For example, Jack’s Belly Button Number is his age of 13 years + 17 or 30. Since his waist circumference was greater than his belly button number, Jack was overeating. In fact, his waist circumference exceeded his Belly Button Number by 3. Therefore, he is not only overeating but probably overweight. His height is 4 ft 10 inches, giving him a BMI of 25.8 which is the 93rd percentile.
Changing the eating habits of children who fall into the overeating category will prevent them from gaining excess weight and developing future problems. Don’t rely on your pant size. Many people, especially overweight adult men, wear their pants below their waist and have a big belly flopping over their belt. To measure waist size (circumference), place a tape measure around your bare abdomen just above your hip bone. Be sure that the tape is snug, but does not compress the skin, and is parallel to the floor. Relax, exhale, and measure. As in turns out, waist circumference in children is a better indicator of the metabolic disorders accompanying weight gain and the associated risks than the scale or BMI.
Changing Waistlines in Growing Children and Teens
The normal child increases his/her waistline about 1 inch per year. However, normal weight gain depends on the age and gender of the child. Here are the normal weight changes for children as they mature:
* Boys: Between the ages of 6 to 11, the average boy gains about 6 lbs. per year and the rate doubles from age 13 to 16 to 12 lbs per year.
* Girls: Between the ages of 6 to 8, girls normally add about 6 lb. per year. At 10 years old, body weight increases by about 10 lbs. per year, until age 14 when the weight gain slows down a little.
You can see how difficult it is to recognize overweight and obese children given ever-changing normal values, and how easy measuring the waistline becomes.
If your child is between 5 to 7 years of age, you may have noticed a rapid weight gain. This is normal. This time period is called the adiposity rebound. It corresponds to the time when fat cells start to increase in number. Prior to this, fat cells increased or decreased in size, not number. This adiposity rebound can last any where from 3.5 years to 5 years. Your overweight child or teen increases his weight at a greater rate than normal weight children. It’s important for you to look at the waistline measurement as a trend instead of focusing on individual numbers.
What You Should Do if You Find Your Child is Overeating or Overweight?
The first step is not to single the child or teen out from other members of the family. Start by only changing his or her food or beverage intake. Often a few simple food or beverage changes are all that are needed. For example, if the child is only overweight, stop the purchase of soda, Gatorade and fruit juices for the whole family. No one really needs these sugar filled drinks. This simple change can prevent a 10 lb. weight gain over the next year.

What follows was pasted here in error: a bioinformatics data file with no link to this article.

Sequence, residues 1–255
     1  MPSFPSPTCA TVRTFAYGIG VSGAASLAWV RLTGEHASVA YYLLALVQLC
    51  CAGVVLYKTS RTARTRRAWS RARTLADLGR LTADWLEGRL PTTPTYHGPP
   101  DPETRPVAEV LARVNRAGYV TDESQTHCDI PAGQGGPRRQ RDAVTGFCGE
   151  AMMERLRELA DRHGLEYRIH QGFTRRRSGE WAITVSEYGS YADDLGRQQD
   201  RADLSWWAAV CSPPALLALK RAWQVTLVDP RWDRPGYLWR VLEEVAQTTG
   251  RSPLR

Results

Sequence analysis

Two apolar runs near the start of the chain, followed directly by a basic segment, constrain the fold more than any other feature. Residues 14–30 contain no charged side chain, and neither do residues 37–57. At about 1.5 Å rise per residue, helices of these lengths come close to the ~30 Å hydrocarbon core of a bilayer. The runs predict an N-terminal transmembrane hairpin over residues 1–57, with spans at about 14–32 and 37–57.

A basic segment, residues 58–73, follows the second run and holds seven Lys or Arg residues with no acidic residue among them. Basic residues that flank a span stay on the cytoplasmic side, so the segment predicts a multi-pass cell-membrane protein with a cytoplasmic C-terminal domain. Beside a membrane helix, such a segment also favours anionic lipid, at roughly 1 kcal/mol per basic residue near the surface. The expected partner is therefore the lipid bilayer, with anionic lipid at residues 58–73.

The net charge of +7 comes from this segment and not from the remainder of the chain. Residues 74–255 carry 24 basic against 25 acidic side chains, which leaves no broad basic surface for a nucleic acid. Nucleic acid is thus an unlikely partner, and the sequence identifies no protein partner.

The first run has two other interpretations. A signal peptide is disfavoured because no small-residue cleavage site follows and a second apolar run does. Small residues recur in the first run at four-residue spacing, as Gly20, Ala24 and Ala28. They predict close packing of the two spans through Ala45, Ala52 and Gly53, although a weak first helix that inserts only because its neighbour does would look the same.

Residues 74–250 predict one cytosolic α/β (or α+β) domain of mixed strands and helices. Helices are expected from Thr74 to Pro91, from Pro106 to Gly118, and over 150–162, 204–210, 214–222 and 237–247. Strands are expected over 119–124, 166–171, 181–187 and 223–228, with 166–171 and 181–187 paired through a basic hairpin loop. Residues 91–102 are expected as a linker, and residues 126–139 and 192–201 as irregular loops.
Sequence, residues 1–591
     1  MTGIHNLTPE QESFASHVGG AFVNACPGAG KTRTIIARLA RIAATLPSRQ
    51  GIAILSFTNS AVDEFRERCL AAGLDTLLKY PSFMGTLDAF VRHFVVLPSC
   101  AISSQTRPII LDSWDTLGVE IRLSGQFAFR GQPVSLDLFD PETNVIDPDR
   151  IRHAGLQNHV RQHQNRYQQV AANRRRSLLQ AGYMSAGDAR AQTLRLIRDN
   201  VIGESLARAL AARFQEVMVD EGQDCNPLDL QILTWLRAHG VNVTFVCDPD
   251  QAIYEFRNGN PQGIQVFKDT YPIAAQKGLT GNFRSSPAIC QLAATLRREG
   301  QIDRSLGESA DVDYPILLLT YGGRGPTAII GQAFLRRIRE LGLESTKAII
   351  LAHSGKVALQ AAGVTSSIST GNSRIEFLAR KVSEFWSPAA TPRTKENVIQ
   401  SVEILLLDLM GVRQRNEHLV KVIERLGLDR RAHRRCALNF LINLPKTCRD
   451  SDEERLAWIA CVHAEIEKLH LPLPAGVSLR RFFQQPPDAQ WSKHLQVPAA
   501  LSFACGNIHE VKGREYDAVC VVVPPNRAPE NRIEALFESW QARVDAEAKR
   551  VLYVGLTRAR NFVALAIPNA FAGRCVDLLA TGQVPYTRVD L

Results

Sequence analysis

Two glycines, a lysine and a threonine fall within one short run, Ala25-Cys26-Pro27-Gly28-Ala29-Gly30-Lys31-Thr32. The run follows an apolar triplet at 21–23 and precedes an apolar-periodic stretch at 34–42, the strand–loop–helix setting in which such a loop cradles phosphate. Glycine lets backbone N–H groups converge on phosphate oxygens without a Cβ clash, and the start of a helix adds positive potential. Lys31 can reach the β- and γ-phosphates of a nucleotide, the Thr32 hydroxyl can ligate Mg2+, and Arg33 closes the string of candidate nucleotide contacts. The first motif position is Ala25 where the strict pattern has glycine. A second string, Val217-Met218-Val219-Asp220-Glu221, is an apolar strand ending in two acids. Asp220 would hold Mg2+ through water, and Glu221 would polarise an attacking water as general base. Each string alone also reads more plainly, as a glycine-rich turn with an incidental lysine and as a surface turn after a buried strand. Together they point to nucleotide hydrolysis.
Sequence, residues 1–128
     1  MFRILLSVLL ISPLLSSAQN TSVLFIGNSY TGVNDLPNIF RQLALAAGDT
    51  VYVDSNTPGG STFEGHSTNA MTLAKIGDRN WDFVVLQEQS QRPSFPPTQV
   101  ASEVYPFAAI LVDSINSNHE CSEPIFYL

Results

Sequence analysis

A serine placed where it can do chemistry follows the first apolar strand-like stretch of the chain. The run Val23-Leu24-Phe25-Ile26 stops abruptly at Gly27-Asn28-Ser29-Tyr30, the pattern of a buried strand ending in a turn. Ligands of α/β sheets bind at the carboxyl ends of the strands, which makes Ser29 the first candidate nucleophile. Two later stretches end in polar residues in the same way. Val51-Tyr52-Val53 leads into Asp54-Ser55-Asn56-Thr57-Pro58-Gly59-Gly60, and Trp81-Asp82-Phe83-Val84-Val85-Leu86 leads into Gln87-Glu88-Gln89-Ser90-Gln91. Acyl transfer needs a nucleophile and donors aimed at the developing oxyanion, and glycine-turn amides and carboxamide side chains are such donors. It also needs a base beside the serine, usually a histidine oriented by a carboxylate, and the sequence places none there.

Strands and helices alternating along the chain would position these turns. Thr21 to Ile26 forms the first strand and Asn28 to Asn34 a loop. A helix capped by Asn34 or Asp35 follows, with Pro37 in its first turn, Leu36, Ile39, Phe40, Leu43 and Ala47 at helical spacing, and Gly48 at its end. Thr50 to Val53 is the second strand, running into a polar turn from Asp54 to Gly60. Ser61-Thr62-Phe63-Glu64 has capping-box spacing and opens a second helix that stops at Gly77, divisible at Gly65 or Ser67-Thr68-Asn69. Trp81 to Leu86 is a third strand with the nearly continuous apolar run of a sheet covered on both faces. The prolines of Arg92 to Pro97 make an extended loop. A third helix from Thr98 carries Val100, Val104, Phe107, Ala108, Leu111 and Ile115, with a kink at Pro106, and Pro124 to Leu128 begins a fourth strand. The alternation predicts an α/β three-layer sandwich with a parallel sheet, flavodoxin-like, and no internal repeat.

In growing children and teens, overeating or overweight are treated the same. The first goal is to slow down the rate of weight increase so that by growing taller and maturing, the child or teen will “grow into” his weight. For Jack, just reducing his overeating will permit him to achieve a normal weight by the time he is 15 years old. The decision to take action does not need to be complicated or difficult. Identifying the problem is easy, and as you will see, doing something about it is just as easy. But remember, the whole family makes the same changes. No one is singled out or treated differently. In fact, the most successful “diet” is when no one even recognizes there is a “diet” to begin with. Bad foods and drinks and trips to McDonald’s simply disappear.
Set an Example for Your Children to Follow
Role modeling, setting the example, is the first order of business for parents who suspect their child or teen is overeating or overweight. If the parent’s diet revolves around burgers and fries, 20 oz. bottles of soda or juices, Häagen-Dazs ice cream and bags of Doritos or Cheetos, what can you expect from children and teens? It’s important to set a good example for your kids, not only in eating, but in biking, running, walking and swimming.
Using Waist Circumference and BMI in Adults
The waist circumference measurement is also easy and useful for adults. A waistline greater than 40 inches for men and 35 inches for women correlates with the critical amount of fat within the abdomen. Ideal waistlines are 32.5 inches for women and 35 inches for men (at average heights). Below is a summary of the BMI and waist circumference values critical for the diagnosis of weight disorders in adults. They can be used for teens who are 16-17 years or more.